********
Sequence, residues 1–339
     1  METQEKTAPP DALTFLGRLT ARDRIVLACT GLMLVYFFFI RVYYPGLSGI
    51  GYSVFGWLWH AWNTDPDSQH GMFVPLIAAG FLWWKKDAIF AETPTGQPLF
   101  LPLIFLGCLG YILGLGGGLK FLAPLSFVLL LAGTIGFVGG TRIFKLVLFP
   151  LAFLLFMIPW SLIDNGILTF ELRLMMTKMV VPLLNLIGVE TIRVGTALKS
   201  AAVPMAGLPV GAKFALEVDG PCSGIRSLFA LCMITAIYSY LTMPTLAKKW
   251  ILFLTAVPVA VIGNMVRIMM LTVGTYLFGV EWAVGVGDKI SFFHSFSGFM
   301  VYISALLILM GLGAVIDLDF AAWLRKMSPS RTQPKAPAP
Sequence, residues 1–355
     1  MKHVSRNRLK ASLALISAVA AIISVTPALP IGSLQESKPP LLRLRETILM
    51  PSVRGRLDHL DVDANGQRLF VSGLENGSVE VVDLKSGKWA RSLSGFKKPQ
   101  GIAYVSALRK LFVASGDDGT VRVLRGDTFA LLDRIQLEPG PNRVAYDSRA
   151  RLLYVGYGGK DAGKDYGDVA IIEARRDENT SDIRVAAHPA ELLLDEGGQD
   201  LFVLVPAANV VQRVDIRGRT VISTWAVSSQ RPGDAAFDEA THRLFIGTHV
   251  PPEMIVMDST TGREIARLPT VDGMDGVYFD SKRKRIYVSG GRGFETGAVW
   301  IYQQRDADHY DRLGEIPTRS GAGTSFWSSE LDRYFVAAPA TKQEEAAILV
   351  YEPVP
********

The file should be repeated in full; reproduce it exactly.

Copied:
Sequence, residues 1–339
     1  METQEKTAPP DALTFLGRLT ARDRIVLACT GLMLVYFFFI RVYYPGLSGI
    51  GYSVFGWLWH AWNTDPDSQH GMFVPLIAAG FLWWKKDAIF AETPTGQPLF
   101  LPLIFLGCLG YILGLGGGLK FLAPLSFVLL LAGTIGFVGG TRIFKLVLFP
   151  LAFLLFMIPW SLIDNGILTF ELRLMMTKMV VPLLNLIGVE TIRVGTALKS
   201  AAVPMAGLPV GAKFALEVDG PCSGIRSLFA LCMITAIYSY LTMPTLAKKW
   251  ILFLTAVPVA VIGNMVRIMM LTVGTYLFGV EWAVGVGDKI SFFHSFSGFM
   301  VYISALLILM GLGAVIDLDF AAWLRKMSPS RTQPKAPAP
Sequence, residues 1–355
     1  MKHVSRNRLK ASLALISAVA AIISVTPALP IGSLQESKPP LLRLRETILM
    51  PSVRGRLDHL DVDANGQRLF VSGLENGSVE VVDLKSGKWA RSLSGFKKPQ
   101  GIAYVSALRK LFVASGDDGT VRVLRGDTFA LLDRIQLEPG PNRVAYDSRA
   151  RLLYVGYGGK DAGKDYGDVA IIEARRDENT SDIRVAAHPA ELLLDEGGQD
   201  LFVLVPAANV VQRVDIRGRT VISTWAVSSQ RPGDAAFDEA THRLFIGTHV
   251  PPEMIVMDST TGREIARLPT VDGMDGVYFD SKRKRIYVSG GRGFETGAVW
   301  IYQQRDADHY DRLGEIPTRS GAGTSFWSSE LDRYFVAAPA TKQEEAAILV
   351  YEPVP